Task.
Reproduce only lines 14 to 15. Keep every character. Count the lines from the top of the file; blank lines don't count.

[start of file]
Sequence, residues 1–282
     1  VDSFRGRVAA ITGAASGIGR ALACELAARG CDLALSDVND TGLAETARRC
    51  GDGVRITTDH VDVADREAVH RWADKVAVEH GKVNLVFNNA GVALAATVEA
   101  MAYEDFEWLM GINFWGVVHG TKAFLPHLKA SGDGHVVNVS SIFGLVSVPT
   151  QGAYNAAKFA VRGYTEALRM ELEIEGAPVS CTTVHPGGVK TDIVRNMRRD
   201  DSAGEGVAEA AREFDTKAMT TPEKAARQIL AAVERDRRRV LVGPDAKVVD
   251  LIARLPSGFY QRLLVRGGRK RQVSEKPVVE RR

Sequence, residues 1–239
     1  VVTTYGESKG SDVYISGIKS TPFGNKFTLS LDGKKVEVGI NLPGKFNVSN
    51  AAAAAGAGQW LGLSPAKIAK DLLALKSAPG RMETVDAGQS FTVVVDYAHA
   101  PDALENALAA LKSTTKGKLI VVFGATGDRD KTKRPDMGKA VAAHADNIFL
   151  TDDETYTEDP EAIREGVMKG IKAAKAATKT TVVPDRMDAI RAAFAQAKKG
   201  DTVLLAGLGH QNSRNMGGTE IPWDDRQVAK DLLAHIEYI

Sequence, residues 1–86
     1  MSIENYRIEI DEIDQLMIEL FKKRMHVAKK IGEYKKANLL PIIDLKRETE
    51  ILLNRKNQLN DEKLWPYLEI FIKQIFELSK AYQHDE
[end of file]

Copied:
Sequence, residues 1–86
     1  MSIENYRIEI DEIDQLMIEL FKKRMHVAKK IGEYKKANLL PIIDLKRETE